Matthew Morrison, Talented Tykes Help "Finding Neverland" Get Off the Ground | NBC New York

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Matthew Morrison, Talented Tykes Help "Finding Neverland" Get Off the Ground

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    NEWSLETTERS

    Carol Rosegg
    Matthew Morrison and Kelsey Grammer in "Finding Neverland."

    I’m sorry “Finding Neverland" has finally opened—you can catch it now at the Lunt-Fontanne—because the behind-the-scenes tinkering has made for such riveting headlines: Harvey replaces creative team! Harvey axes leading man! Harvey splits with publicist!

    Harvey, being Miramax chief Harvey Weinstein, may be a fledgling lead producer, but he is not messing around here: the man’s helped pump millions into “Neverland,” introducing it in England, redoing it in Boston and finally landing it on Broadway … after a side foray to last year’s Tonys, where it was promoted by Jennifer Hudson.

    The end result is both rousing and erratic, with bits of thrilling stage magic that are signature Diane Paulus (she also directed “Pippin” and “Hair”), and dialogue that sometimes feels as if it’s been focus group-sanitized to within an inch of its life. Billed as the backstory to “Peter Pan,” the musical is based on the 2004 film, with Johnny Depp.

    “Glee” star Matthew Morrison heads the “Neverland” cast as J.M. Barrie, whom we meet as an unhappily married playwright with writer’s block. Sitting in Kensington Gardens, Barrie encounters the four rambunctious Llewelyn Davies boys and their mom, Sylvia (Laura Michelle Kelly), who will prove to be the inspiration he needs to create “Peter Pan.”

    Morrison has a consistent Scottish brogue and a melancholy demeanor in a performance that’s very likable. His benefactor, the producer Charles Frohman, is played by Emmy winner Kelsey Grammer, who will do double duty as Captain Hook.

    Our audience was wildly responsive to Grammer, who is saddled with dialogue such as “I don’t have a child inside me. I have an ulcer.” Everyone around Frohman is chaotic and fey, and the producer sees it as his responsibility to be pragmatic. I’d have been happier with less of his character, and more of Kelly, as the platonic love interest who has the wholesome aura of a Disney princess.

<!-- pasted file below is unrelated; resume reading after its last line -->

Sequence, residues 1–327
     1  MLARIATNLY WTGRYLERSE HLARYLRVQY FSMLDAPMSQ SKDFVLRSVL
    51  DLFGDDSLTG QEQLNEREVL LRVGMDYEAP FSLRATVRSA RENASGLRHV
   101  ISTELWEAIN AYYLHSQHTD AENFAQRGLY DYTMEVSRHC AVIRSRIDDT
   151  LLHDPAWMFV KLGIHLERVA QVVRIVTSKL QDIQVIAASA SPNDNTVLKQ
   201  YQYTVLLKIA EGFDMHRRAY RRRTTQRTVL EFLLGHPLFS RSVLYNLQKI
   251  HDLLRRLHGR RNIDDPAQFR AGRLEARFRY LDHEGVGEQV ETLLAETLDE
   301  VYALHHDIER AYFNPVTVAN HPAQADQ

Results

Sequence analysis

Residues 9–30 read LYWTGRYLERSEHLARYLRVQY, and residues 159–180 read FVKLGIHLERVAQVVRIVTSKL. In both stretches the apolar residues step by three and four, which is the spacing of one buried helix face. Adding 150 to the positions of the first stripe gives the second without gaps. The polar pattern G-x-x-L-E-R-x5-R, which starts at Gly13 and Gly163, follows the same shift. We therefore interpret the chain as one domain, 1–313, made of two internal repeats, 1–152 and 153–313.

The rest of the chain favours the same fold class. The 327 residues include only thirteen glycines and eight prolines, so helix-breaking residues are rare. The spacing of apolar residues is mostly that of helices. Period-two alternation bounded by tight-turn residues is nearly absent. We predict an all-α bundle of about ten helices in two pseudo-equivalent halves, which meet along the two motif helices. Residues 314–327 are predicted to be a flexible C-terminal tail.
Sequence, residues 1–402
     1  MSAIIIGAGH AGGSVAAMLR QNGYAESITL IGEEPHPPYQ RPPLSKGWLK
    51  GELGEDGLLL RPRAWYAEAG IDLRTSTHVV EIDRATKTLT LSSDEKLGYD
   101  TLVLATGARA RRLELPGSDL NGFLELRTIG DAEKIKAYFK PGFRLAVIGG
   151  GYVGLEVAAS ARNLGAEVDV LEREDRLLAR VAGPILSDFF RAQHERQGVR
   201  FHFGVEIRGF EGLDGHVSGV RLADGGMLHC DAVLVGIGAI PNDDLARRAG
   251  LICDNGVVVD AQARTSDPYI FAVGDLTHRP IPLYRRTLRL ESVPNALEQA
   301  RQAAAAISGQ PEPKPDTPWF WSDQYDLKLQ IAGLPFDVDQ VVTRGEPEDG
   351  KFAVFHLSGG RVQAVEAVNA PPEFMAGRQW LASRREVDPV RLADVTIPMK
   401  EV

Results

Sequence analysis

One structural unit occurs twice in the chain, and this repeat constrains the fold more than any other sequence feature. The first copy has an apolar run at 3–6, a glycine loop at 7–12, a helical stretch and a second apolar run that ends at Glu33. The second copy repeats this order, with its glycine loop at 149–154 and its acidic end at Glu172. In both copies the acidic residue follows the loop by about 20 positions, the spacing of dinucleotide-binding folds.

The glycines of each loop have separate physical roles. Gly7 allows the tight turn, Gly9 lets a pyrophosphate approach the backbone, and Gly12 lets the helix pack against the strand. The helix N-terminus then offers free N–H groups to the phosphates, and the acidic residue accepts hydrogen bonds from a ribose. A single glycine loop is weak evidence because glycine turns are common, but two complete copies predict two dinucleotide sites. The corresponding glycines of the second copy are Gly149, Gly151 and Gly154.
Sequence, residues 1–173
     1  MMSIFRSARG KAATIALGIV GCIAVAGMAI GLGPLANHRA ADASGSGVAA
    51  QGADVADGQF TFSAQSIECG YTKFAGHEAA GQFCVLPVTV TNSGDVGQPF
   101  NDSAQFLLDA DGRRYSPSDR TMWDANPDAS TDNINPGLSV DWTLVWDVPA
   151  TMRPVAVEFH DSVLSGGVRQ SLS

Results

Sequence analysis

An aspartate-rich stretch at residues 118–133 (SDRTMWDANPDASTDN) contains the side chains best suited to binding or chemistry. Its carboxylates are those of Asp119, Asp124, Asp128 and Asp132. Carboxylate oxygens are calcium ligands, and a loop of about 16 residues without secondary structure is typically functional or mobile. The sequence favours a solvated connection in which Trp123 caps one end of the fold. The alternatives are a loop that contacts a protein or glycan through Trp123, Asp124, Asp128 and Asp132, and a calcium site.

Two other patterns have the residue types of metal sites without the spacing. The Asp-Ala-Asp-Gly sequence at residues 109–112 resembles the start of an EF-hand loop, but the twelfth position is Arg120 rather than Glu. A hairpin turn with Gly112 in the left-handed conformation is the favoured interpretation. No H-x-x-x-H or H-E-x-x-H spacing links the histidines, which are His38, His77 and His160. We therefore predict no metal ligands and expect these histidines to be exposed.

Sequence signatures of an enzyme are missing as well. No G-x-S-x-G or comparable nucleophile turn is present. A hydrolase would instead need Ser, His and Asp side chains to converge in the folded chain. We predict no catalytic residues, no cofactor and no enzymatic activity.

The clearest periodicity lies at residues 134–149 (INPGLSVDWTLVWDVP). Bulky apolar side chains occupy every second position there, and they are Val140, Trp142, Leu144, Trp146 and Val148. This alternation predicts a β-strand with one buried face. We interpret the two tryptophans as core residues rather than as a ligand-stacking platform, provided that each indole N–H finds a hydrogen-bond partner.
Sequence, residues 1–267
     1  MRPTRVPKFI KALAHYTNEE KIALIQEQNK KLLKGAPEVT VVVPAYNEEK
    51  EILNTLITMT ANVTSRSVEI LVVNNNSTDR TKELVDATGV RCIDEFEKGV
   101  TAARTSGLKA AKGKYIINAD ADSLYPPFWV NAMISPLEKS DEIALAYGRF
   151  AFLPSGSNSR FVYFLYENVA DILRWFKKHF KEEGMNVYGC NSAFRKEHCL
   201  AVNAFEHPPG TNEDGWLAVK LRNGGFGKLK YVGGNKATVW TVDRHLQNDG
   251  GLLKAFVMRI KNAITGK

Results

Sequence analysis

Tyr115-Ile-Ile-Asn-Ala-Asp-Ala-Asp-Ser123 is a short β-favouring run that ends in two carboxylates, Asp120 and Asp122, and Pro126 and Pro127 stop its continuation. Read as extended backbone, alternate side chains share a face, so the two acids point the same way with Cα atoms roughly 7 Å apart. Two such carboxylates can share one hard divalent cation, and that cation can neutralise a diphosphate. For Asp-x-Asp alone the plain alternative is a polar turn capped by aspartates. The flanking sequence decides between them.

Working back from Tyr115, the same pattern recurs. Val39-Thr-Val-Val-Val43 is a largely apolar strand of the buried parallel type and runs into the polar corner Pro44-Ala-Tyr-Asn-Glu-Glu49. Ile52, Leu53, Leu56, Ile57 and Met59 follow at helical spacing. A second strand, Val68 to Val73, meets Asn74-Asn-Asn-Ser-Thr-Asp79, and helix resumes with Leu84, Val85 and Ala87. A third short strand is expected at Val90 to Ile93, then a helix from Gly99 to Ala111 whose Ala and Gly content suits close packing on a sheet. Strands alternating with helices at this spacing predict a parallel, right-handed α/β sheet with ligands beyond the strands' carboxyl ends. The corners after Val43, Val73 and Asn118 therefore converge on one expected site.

The quartet of boys playing the Llewelyn Davies children are exceptional (Aidan Gemme was Peter at the press performance I attended).

    Carolee Carmello, the three-time Tony nominee, is assertive in her one-dimensional role as Sylvia’s overprotective mother—it’s suggested she’s the inspiration for Tick-Tock, the crocodile. The talented Teal Wicks, as Peter’s grating wife, Mary, doesn’t feel so essential to the proceedings. Barrie’s dog Porthos, last played by a human at the A.R.T. in Cambridge, is now played by an actual dog.

    We’re frequently given clues as to how Barrie translated events in his real life to elements of “Peter Pan,” and it’s not often that a musical manages such subtlety in one scene and overstatement the next (the composers are U.K. pop star Gary Barlow, of Take That, and Eliot Kennedy; the book is by James Graham).

    There’s an inventive, quiet moment between Morrison and Grammer that explains the origin of “Captain Hook.” Pity that a while later, we’re beaten over the head with an exchange between Frohman and a member of his troupe, who asks, as if this were 1985: “Do they say ‘Cheers’ where you’re from, Charles?”

    Also … that joke about “fairies” working in the theater? I order you both to walk the plank, Mr. Weinstein and Ms. Paulus.

    The melodies are pop-song good, if not likely to linger long with you. I most enjoyed “We Own the Night,” in which James and the four boys toy with the pompous participants of a stodgy dinner party, and the first act closer “Stronger,” which soars to a finish indeed so strong it left me trembling.

    One of the areas in which “Finding Neverland” succeeds is in its balance between technical and non-technical wizardry. Paulus knows when to use her bag of tricks (note Sylvia’s climactic, cyclonic second act farewell), and when to let our imaginations do the work (such as when Peter bounces candlelight off a spoon, foreshadowing the eventual creation of Tinkerbell).

    “Finding Neverland” is best in its scenes with surrogate father Barrie and the four boys. Those talented kids, who prematurely aged when their own father died, help the writer access his imagination. Alongside Morrison, I think they’re the ones who deserve a lot of the credit for getting “Finding Neverland” to fly.

    “Finding Neverland,” with an open-ended run at the Lunt-Fontanne Theatre, 205 W. 46th St. Tickets: $72-$147. Call 800-745-3000.

    Follow Robert Kahn on Twitter@RobertKahn